Written by Karyn Knecht
Photos by Jay Farris
As soon as you walk into The Treehouse, you know you’ve found somewhere special. Under soft lighting, local art hangs from exposed brick walls, while indie-rock melodies serenade customers enjoying coffee and artisan sandwiches. Tucked away at the end of Main Street in Hazard, Kentucky, the story of Treehouse Café and Bakery shows how a young entrepreneur is working to creatively revitalize her hometown. Born and raised in Hazard, restaurant owner Jennifer Noble was 24 when she had the choice to go to New York to pursue a painting career, or to move back home.
“New York didn’t need another artist, but I felt Hazard needed something different,” she said. Noble had seen photos of downtown taken during the coal boom of the 60’s, when the streets were full of cars and people, and business was good. She wanted to see Main Street come back to life.
“I just imagined having a business, a storefront, on Main Street,” she said. “Something that would bring people joy.”
The menu at Treehouse boasts healthy, all natural choices, and nothing is fried. “At first, my parents and everybody I knew said, ‘nobody is going to eat that stuff. Nobody here eats hummus.’” Given the opportunity, Noble believed people would enjoy those options. “So I did it anyway,” she explained.
In the beginning, Noble was focused on supporting local artists, inviting them to display and sell their work in the restaurant. It wasn’t until she was invited to speak on a panel at Growing Appalachia (an annual conference focused on the role of local foods in Eastern Kentucky’s economic transition), that Noble decided to start buying ingredients from local farmers.
“I got to sit on a panel with these farmers, and I got to hear their stories of how difficult it is for them and how they needed restaurants and local people to buy their produce and their meats. Hearing their story firsthand really opened my eyes that it is an option and something I needed to do,” said Noble. After that, Noble began ordering produce from Maggie Bowling, who had just started a vegetable CSA at Old Homeplace Farm in Clay County. Expanding on the local mission, Treehouse now offers eight different beers brewed in Kentucky. They also sell goats milk soaps, lotions, and lip balm produced by N&S Farm in Letcher County. “That is hugely successful here. I’d say they [N&S Farm] are doing wonderful, and that makes me very happy,” said Noble.
Noble has also found that buying from local farmers matters to her customers. One time a customer asked if the lettuce and tomato used that day were grown locally. “I said no, and she ordered something else. She didn’t want it if it wasn’t local,” remembered Noble. “I think we do have more people come in when we advertise that we use local ingredients… I think everyone appreciates that we’re keeping the money local,” she continued.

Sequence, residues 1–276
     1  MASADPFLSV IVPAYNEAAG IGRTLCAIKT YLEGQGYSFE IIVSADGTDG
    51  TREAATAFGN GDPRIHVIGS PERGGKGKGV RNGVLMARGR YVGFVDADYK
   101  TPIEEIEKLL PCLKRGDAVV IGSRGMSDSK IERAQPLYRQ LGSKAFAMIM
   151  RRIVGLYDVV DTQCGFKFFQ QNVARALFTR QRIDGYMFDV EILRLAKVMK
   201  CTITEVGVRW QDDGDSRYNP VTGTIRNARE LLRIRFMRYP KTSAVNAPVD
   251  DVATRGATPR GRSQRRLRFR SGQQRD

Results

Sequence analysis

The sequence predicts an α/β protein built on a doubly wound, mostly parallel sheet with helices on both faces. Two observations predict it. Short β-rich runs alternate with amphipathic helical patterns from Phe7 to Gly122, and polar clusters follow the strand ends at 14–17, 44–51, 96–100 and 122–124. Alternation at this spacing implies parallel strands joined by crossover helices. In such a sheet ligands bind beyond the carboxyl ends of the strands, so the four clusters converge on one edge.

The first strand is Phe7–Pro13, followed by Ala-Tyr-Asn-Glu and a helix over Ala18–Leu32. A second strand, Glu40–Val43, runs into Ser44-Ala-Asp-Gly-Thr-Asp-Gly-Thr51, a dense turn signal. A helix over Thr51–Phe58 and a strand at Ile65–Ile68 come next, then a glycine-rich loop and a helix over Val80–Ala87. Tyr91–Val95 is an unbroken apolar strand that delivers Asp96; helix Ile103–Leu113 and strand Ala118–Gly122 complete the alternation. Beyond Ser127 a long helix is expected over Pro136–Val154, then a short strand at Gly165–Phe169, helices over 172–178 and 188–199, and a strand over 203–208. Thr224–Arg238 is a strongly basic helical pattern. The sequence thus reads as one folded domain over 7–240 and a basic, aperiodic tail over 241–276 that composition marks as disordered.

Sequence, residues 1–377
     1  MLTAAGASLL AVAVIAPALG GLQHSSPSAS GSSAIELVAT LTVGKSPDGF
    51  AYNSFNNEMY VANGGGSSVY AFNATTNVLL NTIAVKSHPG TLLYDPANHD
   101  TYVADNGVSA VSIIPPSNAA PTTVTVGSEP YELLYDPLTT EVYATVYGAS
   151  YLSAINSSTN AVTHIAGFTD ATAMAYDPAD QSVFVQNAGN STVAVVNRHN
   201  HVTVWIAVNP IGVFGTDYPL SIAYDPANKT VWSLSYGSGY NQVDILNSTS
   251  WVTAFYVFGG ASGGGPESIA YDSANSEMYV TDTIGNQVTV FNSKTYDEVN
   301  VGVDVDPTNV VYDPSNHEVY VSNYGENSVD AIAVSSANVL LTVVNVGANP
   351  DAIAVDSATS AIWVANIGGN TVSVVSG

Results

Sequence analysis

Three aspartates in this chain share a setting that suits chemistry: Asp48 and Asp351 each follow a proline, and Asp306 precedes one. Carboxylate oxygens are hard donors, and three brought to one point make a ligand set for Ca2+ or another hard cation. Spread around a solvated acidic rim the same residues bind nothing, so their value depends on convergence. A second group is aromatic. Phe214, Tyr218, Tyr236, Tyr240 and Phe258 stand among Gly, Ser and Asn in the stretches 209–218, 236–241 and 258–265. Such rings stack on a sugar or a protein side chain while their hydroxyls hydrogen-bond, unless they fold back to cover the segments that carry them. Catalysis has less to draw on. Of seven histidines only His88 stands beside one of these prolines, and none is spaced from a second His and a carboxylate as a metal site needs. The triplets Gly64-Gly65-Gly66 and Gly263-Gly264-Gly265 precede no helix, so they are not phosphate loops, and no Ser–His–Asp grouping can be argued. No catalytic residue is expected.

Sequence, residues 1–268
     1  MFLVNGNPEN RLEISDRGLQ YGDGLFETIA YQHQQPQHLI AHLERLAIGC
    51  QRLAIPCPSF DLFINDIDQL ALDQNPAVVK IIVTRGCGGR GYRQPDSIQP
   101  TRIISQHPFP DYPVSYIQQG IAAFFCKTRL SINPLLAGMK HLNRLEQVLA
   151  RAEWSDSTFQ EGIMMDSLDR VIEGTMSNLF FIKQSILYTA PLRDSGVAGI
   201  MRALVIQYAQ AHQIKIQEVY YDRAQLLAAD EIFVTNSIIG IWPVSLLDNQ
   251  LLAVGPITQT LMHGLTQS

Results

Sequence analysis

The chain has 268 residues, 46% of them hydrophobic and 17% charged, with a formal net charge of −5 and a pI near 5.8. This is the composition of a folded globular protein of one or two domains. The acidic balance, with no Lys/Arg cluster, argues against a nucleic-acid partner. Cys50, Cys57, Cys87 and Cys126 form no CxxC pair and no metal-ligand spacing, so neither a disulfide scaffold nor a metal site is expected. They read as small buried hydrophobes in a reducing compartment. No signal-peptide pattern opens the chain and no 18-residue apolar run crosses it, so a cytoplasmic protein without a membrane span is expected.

Now in her third year of business, Noble is still surprised by how important her restaurant has become to her community. “It just unfolded that way, where people started coming here to have meetings and to talk about improving the community and Main Street,” she said. “Then I got to get involved with those things, representing Treehouse and making a difference.”
Although starting a restaurant is hard work, Noble remains excited about her work. “I still don’t have a place to live,” said Noble. She and her two sons are currently living with her parents. “I’ve got about two and a half years to go before I make it to that 5 year point, when they say that you’ll start to make money.”
It’s the little things that keep her going. Like the story of her friend John Kolesar. Seventy-eight year old Kolesar would walk from his apartment down the street every morning to visit Treehouse as soon as they opened. “I later found out that he had bone cancer in his hip, and he would walk down here anyways. And every day he would bring something that we could put in here or hang on the wall,” Noble said. After he passed away, John’s VA burial flag was placed on display at Treehouse along with his many other gifts.
Passionate about her hometown, Noble serves on the steering committee for InVision Hazard, a group working towards economic development and Main Street revitalization in Hazard. “A lot of people have approached me asking for advice on starting their own business. They want to know how difficult it is, or if it’s worth it. I think it opened a lot of people’s eyes to what could be done in Hazard,” said Noble. She advises hopeful entrepreneurs to learn about the resources available to them, like MACED, an organization that provides financial support and training to small business owners and entrepreneurs in Central Appalachia. “I still need help and training and advice,” she explained.
Community plays a big role in the Treehouse Café. From the monthly Poets’ Series to political events to punk shows, the energy of the place and its people are a constant inspiration to Noble. And she wants to help that energy grow across the region. “I always try to inspire young people to get involved… I want them to want to be involved and to help make it a better place, because it’s where their children are going to grow up, where my children are going to grow up. We need to make it better for them.”